Talking About ‘The Party’ with Bibliobeth!

The Party

How did I get it?:
I bought it!

Synopsis:

Martin Gilmour is an outsider. When he wins a scholarship to Burtonbury School, he doesn’t wear the right clothes or speak with the right kind of accent. But then he meets the dazzling, popular and wealthy Ben Fitzmaurice, and gains admission to an exclusive world. Soon Martin is enjoying tennis parties and Easter egg hunts at the Fitzmaurice family’s estate, as Ben becomes the brother he never had.

But Martin has a secret. He knows something about Ben, something he will never tell. It is a secret that will bind the two of them together for the best part of 25 years.

At Ben’s 40th birthday party, the great and the good of British society are gathering to celebrate in a haze of champagne, drugs and glamour. Amid the hundreds of guests–the politicians, the celebrities, the old-money and newly rich–Martin once again feels that disturbing pang of not-quite belonging. His wife, Lucy, has her reservations too. There is disquiet in the air. But Ben wouldn’t do anything to damage their friendship. Would he?

CHRISSI: I know you shouldn’t judge a book by its cover but what were your initial impressions of this book from its cover?

BETH: I have a confession to make. I do that judgey thing and judge a book by its cover. I have been proved wrong in the past – for example, I really didn’t like the cover of Me Before You by Jojo Moyes and as you know Chrissi, I adore that book. What can I say? I think a cover really sells a book and if you can market it “prettily,” you’re onto a winner (with me at least!) I have to admit for this cover? I just found it a little bit dull and unfortunately, it didn’t inspire me to read the book at all. In fact, if I saw it in a bookshop I wouldn’t pick it up on the basis of this cover alone. Luckily what was inside proved to be much more fascinating in the outside so time and time again, I must not judge!!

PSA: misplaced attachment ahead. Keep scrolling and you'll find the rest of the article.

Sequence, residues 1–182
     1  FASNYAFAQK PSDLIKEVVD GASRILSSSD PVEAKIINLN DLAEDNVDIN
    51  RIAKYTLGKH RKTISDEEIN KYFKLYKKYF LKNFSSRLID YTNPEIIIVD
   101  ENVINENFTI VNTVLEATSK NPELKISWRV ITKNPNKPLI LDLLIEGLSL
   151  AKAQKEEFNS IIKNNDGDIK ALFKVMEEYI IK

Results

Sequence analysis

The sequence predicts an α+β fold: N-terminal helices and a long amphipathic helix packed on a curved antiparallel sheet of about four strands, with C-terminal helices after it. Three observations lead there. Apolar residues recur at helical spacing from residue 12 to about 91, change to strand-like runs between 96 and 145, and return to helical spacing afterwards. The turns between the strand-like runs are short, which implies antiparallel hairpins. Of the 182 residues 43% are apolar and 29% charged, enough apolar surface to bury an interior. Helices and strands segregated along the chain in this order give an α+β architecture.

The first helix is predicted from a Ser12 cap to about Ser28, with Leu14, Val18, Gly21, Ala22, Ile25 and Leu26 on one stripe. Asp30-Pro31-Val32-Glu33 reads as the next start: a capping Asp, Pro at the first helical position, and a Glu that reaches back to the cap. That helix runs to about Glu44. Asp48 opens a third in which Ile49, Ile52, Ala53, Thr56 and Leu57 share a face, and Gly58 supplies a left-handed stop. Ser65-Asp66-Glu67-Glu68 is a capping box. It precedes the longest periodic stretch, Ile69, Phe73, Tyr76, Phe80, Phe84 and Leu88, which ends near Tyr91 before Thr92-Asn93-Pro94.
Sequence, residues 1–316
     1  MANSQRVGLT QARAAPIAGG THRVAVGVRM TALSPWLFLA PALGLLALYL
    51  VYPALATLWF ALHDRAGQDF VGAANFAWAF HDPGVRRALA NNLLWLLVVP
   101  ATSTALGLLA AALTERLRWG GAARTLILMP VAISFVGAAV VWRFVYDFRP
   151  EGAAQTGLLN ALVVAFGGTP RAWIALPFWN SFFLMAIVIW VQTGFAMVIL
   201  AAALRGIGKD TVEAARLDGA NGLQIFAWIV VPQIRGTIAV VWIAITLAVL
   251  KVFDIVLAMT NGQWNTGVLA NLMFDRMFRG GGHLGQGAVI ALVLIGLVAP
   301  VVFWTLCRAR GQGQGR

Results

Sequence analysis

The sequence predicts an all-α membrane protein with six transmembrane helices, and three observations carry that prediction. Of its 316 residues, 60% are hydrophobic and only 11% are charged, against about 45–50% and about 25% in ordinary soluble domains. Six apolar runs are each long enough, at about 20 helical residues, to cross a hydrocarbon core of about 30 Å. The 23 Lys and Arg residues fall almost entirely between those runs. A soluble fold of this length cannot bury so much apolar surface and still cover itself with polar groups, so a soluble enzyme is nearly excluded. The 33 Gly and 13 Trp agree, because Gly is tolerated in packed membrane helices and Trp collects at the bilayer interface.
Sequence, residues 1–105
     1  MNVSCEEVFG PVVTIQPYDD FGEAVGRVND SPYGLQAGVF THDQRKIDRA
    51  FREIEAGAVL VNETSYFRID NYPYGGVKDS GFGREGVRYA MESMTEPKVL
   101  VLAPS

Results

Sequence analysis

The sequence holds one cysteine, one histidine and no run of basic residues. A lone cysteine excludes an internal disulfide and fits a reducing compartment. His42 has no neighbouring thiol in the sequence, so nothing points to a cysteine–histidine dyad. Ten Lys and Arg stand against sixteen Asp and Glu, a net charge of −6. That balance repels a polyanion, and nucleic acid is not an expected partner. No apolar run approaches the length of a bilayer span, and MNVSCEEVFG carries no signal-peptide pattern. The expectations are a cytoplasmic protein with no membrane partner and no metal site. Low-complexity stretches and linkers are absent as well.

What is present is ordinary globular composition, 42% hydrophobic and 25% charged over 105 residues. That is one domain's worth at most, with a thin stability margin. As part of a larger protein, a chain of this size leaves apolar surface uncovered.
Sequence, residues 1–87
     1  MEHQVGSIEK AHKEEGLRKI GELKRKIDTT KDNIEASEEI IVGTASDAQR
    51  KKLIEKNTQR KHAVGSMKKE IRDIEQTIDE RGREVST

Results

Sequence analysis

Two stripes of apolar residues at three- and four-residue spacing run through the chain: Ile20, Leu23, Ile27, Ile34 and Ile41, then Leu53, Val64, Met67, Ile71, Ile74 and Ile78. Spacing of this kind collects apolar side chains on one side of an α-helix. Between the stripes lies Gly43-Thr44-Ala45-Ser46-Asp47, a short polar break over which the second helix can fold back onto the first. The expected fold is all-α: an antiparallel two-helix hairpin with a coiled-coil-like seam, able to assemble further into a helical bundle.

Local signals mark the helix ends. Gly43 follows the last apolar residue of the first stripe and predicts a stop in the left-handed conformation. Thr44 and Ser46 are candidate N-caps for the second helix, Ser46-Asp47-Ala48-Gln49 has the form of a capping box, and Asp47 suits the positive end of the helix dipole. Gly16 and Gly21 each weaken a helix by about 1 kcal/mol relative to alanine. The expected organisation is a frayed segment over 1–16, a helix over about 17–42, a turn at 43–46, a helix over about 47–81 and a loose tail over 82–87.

BETH: What did you make of Martin’s relationship with his wife, Lucy?

CHRISSI: Oh good question! I felt a bit sorry for Lucy actually. I feel like she always came second for him. He was far more concerned with his friendship with Ben than his relationship with his wife. She must have seen his neediness for his friend and wondered why that wasn’t there in their relationship. I felt like she was so loyal to him despite him constantly pushing her boundaries.

CHRISSI: How can we tell Martin is an unreliable narrator?

BETH: From the very beginning. I don’t think it’s a spoiler to say that when we first meet Martin, he is being questioned in a police station. That isn’t to say he’s done anything wrong, there was an “incident” at a party and he is being asked what he knows. We soon find out what’s gone on in due course. As a reader, it does make you think what could have happened though, especially with the evasive way he is answering some of the questions…..
Then we get more information about his childhood and his relationship with the host of the party and the way he talks to and reacts to certain people makes him all the more intriguing.

BETH: Can money buy you happiness? Does being part of a wealthy elite change the way the Fitzmaurices behave to others not in their circle?

CHRISSI: I don’t think money can buy you happiness. I think it can help your life and help to reach the goals you may have for yourself. I definitely felt like the Fitzmaurices behaved in an incredibly entitled manner. They were obsessed with the power money held over others. Martin certainly enjoyed the high life when he was with Ben. I don’t think they were very kind to others in a lower class than themselves.

CHRISSI: To what extent did the narrative structure (where the bulk of the plot takes place over the course of one evening with flashbacks to the past) heighten the tension?

BETH: I love narratives like this. We hear about the present time, where as I mention, Martin is being questioned about what happened on that night, then it flits back and forward from the present day, to episodes where Martin is at school and as a young adult. As a reader, I wanted to get back to the questioning parts to try and get a clue about what exactly had happened but at the same time I wanted to get back to Martin’s past too as there’s definite clues there about his relationships and the reasons why they end up the way that they do.